Hints of a new particle last December - from CMS and Atlas, two of the main detectors at the LHC - generated huge excitement in the particle physics community.
There was a "bump" in the data which could have been a statistical fluke - but it just might have been the first evidence of the new physics researchers had been waiting for.
Earlier this year, the revamped LHC finally reached its full operating potential and was set to collect data from collisions at an unprecedented rate.
Thousands of scientists at Cern were hoping that they might be on the verge of one of the all-time biggest discoveries in science - even bigger than the Higgs.
But despite knocking on the portal to a new realm of physics harder than they had ever knocked before, they found that the door was still firmly shut.
The experiment wore on and the bump disappeared. Irregularities like this come and go in particle physics, so it didn't come as a huge surprise to the scientists, but there was obvious disappointment.
As well as having analytical minds, these physicists naturally also have passionate, beating hearts. Their disappointment was palpable according to Thomas Hewitson, an assistant producer for BBC2's Horizon programme.
Thomas and his colleagues filmed the LHC researchers during those tantalising few months.
"When we first visited in May there was a real buzz about the 'bump'," he said.
"They're scientists, so they knew it was too early to pop the champagne, but even the most cautious among them went giddy when they allowed themselves to imagine a brand new particle. They hoped they were re-writing the textbooks.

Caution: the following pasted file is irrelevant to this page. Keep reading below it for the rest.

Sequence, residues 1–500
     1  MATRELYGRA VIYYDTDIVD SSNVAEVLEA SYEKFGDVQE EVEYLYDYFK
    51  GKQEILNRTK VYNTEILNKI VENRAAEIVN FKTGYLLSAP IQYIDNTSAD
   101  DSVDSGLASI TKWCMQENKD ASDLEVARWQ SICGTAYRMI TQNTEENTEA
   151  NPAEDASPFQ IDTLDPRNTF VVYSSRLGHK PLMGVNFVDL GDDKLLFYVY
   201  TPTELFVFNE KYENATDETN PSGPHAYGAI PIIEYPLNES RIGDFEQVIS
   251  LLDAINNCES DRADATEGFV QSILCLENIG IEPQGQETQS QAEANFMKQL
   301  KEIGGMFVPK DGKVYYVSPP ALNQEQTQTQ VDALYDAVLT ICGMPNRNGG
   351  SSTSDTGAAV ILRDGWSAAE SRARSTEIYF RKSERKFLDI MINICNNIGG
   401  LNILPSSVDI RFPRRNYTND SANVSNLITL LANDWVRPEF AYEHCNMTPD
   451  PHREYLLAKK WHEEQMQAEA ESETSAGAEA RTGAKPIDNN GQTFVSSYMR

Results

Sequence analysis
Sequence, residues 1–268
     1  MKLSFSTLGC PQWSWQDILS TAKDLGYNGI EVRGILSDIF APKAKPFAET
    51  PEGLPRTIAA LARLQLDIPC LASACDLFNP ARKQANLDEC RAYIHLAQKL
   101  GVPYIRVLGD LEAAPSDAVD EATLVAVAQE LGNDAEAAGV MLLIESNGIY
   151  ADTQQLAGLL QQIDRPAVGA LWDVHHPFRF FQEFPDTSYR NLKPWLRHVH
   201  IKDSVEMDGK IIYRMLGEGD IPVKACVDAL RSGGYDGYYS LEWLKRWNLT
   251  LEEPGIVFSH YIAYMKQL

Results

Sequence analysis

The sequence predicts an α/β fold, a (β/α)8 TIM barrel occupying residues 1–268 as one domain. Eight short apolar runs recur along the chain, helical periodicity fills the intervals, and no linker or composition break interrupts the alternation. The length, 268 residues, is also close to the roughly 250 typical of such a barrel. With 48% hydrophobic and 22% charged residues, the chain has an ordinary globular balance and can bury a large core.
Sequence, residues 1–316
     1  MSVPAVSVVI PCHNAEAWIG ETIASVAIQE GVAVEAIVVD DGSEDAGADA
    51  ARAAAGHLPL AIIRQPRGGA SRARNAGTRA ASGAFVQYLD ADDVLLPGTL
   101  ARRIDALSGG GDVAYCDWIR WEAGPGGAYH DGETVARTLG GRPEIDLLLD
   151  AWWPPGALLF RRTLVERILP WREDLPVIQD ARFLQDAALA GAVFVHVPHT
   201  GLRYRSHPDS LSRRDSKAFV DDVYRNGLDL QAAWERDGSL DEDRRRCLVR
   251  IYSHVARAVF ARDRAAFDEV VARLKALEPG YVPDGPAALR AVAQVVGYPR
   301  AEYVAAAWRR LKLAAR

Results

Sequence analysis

"So when they saw that the bump had gone... they looked devastated. They are good experimentalists, and so they had always said it might be nothing. But they're only human, and the disappointment was obvious."
So how long before the LHC discovers new physics? According to Prof Charlton, if scientists don't see something soon, they may have to settle in for the long haul.
"If we don't see new particles this year we may need to run for quite some more years to get significant observations of new particles," he told BBC News.
In that event, the team will have to look for more subtle indications than an obvious bump in the data - which, Prof Charlton said, was "almost too good to have been true".
"Most of the models for new physics predict rather more complex things. It is not likely to be that easy and we'll have to look for more complex signatures then it can take a lot longer".
If new particles will be hard to find, then one popular theory called supersymmetry looks to be in trouble. The idea, cherished by many theoretical physicists, is that the new particles the LHC has yet to discover are heavier, "super" versions of the ones we know about.
According to Prof Butterworth, it's a theory that refuses to die.
"I hate to describe it as a 'zombie theory' but it is never going to be absolutely ruled out. But every time we look and we don't find any obvious sign of it then it becomes a little less plausible."
Another possibility is that the existing Standard Model might have more life in it, he added.
"The theoretical arguments to say that it does not work [in the realm of new physics] might be flawed and we might have more to understand just from the Standard Model."
The LHC has taken physicists into a new territory and a paradigm shift in our thinking is still very much in the offing. But it is going to take a little longer than many had hoped.
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Inside Cern, a Horizon special programme tracking the search for the new particle will be broadcast on BBC2 at 20:00 on Wednesday 10 August.